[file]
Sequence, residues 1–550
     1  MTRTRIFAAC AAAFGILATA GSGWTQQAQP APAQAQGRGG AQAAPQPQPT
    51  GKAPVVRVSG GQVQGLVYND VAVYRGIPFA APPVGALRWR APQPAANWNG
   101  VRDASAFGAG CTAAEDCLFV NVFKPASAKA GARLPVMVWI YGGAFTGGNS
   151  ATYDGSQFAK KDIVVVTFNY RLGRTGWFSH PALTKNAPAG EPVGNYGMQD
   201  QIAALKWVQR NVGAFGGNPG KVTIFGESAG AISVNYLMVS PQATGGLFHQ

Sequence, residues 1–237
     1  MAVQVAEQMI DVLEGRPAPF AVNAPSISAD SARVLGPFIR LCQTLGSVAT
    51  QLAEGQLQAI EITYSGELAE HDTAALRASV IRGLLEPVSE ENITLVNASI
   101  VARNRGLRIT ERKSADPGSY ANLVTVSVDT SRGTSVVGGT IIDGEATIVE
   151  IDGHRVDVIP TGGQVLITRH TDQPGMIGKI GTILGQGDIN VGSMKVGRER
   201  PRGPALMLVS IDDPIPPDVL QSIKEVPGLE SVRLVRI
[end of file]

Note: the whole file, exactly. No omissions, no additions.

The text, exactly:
Sequence, residues 1–550
     1  MTRTRIFAAC AAAFGILATA GSGWTQQAQP APAQAQGRGG AQAAPQPQPT
    51  GKAPVVRVSG GQVQGLVYND VAVYRGIPFA APPVGALRWR APQPAANWNG
   101  VRDASAFGAG CTAAEDCLFV NVFKPASAKA GARLPVMVWI YGGAFTGGNS
   151  ATYDGSQFAK KDIVVVTFNY RLGRTGWFSH PALTKNAPAG EPVGNYGMQD
   201  QIAALKWVQR NVGAFGGNPG KVTIFGESAG AISVNYLMVS PQATGGLFHQ

Sequence, residues 1–237
     1  MAVQVAEQMI DVLEGRPAPF AVNAPSISAD SARVLGPFIR LCQTLGSVAT
    51  QLAEGQLQAI EITYSGELAE HDTAALRASV IRGLLEPVSE ENITLVNASI
   101  VARNRGLRIT ERKSADPGSY ANLVTVSVDT SRGTSVVGGT IIDGEATIVE
   151  IDGHRVDVIP TGGQVLITRH TDQPGMIGKI GTILGQGDIN VGSMKVGRER
   201  PRGPALMLVS IDDPIPPDVL QSIKEVPGLE SVRLVRI